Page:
Popular Internet infrastructure service Cloudflare has come under a lot of pressure from copyright holders in recent years.
The company offers its services to millions of sites. This includes multinationals, governments, but also some of the world’s leading pirate sites.
These sites have proven to be quite a headache for the San Francisco-based tech company. Ideally, however, the company prefers not to be the arbiter of what content is allowed and what is not.
The Curation Conundrum
The company reiterated its position a few months ago. To shield itself from escalating removal demands, including plain censorship, Cloudflare said it would no longer terminate customers without a court order.
Just days after taking this hardened approach, Cloudflare reversed its position. Citing an immediate threat to human life, CEO Matthew Prince justified blocking access to the controversial Kiwi Farms site.
There’s no question that death threats are in a league of their own, but copyright holders would also like to see more cooperation from Cloudflare. This call is backed by a recent report from brand protection company Corsearch.
Corsearch is no stranger to copyright issues. The company works with several of the largest rightsholders and its subsidiary Incopro has produced a wealth of piracy research, some in collaboration with governments. In this case, the research focuses on Cloudflare.
Whirepaper: Cloudflare & Pirate Sites
The overall tenor of the whitepaper is that when compared to other intermediaries, Cloudflare appears to be linked to a relatively high percentage of torrent sites. Of all the sites flagged by Corsearch, which are all demoted by Google as well, half use Cloudflare’s CDN service.
“Cloudflare is not the host of these websites. However, the host is not readily identifiable and Cloudflare is most closely associated with 49% of websites notified for delisting by Corsearch,” the report notes.
There’s no denying that Cloudflare stands out but it should be noted that the company is not a hosting provider, like the others on the list. In addition to Cloudflare, these pirate sites may use Amazon or Google’s services as well, even though that’s not immediately visible.
Besides pirate sites, the report also links Cloudflare to trademarking. Again, it is the most common online intermediary for these outlets.
Technically, Cloudflare can’t take these sites offline, as they are hosted elsewhere. However, Corsearch believes that the company could and should do more to tackle the piracy problem. And it has some ideas on where to start.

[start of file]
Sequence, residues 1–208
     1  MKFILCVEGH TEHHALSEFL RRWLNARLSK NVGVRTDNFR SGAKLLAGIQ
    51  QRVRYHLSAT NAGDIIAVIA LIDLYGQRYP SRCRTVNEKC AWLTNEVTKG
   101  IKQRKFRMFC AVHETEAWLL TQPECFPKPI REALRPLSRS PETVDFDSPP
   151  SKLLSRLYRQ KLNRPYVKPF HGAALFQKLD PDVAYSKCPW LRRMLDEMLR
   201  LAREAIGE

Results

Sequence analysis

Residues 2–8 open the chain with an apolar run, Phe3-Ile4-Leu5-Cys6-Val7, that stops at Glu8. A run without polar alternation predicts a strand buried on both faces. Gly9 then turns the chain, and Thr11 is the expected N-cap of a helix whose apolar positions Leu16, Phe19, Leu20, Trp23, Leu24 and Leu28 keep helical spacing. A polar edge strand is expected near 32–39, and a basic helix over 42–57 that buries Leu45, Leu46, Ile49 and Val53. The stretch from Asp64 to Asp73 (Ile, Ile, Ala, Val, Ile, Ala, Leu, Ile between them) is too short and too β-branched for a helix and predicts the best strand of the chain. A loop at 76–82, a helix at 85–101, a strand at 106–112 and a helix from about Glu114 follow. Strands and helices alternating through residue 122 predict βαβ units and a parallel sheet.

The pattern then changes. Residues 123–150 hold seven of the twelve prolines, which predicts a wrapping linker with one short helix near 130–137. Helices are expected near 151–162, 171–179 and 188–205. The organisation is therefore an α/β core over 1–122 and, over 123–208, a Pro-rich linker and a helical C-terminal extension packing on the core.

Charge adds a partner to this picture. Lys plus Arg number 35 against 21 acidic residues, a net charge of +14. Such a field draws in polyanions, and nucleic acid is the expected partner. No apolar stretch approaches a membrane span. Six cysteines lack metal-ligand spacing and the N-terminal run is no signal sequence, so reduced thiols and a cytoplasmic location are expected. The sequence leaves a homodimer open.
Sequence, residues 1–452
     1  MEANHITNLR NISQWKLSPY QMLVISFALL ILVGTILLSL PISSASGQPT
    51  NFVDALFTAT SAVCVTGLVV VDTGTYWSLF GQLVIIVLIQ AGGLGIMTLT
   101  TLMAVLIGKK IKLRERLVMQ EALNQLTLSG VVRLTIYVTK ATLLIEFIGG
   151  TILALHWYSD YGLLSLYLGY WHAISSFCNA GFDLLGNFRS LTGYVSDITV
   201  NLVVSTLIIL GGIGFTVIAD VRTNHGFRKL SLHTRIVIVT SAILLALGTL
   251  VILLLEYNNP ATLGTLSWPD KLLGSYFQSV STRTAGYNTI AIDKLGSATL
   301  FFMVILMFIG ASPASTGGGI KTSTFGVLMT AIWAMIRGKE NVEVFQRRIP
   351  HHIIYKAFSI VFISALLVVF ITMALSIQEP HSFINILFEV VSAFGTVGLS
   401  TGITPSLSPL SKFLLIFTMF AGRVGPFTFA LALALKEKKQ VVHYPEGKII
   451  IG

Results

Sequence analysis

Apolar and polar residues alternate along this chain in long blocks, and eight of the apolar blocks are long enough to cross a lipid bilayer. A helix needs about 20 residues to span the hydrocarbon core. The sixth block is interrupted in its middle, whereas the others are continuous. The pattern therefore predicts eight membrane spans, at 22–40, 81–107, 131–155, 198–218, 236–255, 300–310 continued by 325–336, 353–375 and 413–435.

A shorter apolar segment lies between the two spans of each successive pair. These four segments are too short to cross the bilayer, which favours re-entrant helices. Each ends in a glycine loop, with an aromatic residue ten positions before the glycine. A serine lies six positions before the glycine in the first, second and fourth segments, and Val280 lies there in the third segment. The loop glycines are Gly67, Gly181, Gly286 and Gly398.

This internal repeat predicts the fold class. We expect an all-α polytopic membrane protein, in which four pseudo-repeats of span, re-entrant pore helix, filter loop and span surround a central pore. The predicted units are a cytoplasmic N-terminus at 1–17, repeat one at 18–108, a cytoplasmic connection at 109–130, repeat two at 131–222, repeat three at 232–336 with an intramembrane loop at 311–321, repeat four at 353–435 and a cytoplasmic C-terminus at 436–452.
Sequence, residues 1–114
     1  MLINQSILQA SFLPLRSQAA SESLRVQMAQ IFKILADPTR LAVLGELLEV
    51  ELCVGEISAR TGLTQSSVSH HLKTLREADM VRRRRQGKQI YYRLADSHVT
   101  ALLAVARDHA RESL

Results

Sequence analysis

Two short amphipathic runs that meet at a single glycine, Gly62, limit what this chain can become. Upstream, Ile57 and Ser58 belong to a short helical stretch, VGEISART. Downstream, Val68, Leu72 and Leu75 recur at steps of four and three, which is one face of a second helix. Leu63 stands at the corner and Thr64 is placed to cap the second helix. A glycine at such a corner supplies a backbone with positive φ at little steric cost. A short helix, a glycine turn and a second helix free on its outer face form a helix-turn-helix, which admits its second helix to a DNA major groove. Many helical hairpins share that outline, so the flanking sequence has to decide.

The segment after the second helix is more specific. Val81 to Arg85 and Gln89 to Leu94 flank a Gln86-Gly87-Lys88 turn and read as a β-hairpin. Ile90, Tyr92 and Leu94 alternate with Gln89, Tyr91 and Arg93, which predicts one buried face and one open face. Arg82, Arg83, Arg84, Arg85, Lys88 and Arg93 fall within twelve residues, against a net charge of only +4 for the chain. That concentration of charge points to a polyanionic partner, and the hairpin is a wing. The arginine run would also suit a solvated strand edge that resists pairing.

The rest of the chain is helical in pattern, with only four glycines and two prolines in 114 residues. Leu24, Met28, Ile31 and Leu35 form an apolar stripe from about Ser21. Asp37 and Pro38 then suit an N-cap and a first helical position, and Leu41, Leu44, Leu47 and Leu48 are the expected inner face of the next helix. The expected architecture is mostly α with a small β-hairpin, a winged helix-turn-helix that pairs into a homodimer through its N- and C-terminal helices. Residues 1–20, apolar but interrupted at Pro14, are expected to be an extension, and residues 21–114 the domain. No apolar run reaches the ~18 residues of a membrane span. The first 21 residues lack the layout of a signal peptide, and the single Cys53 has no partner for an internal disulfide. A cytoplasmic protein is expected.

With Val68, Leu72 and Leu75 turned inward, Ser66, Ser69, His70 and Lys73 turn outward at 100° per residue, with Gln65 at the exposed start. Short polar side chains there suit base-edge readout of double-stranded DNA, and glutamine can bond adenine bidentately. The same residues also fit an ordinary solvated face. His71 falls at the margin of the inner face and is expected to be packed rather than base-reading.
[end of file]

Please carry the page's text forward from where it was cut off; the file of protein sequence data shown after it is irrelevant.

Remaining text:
“Cloudflare is uniquely positioned to do more to protect rights holders and substantially to suppress the scourge of online piracy and counterfeiting,” the report reads.
“We are asking Cloudflare to do more to support rights owners by voluntarily implementing certain measures. These measures are reasonable, proportionate and if adopted by Cloudflare will have a significant impact.”
Corsearch doesn’t have just one, but a whole list of suggestions for the CDN provider. Most of these boil down to terminating services to sites that others deem to be infringing. Those include the following;
– Cloudflare should terminate accounts of sites that are demoted or deindexed by Google search.
– Cloudflare should withdraw services to any site that’s deemed unlawful by a recognized law enforcement body or the ‘Infringing Website List’ (IWL).
– Cloudflare should ban sites that are on the US Trade Representative’s annual notorious markets list.
– Cloudflare should stop working with sites that are added to the European Union’s Counterfeit and Piracy Watchlist.
What Can Go Wrong?
While it’s understandable that rightsholders want Cloudflare to do more, these suggestions are not without issues of their own. The IWL, for example, is private and can’t be scrutinized by the public. As reported recently, this includes domains of organizations such as GitHub, Blogspot, and a Portuguese University.
The USTR’s Notorious Market lists and the EU’s Piracy Watchlist also have various entries that deserve some nuance. These include the Chinese Wechat, which has over a billion users, as well as Russia’s largest social media platform VK.
Up until recently, USTR even listed Amazon’s foreign online stores as “notorious markets”. Does that mean that these shouldn’t be allowed to operate?
Given Cloudflare’s previous comments, it seems unlikely that the company will start banning accounts left and right. That being said, Corsearch also has some other suggestions that may be more realistic.
The report proposes a robust “Know-Your-Client” policy, for example. In addition, it calls for a comprehensive transparency report where Cloudflare would disclose which domain names are flagged by rightsholders and how often.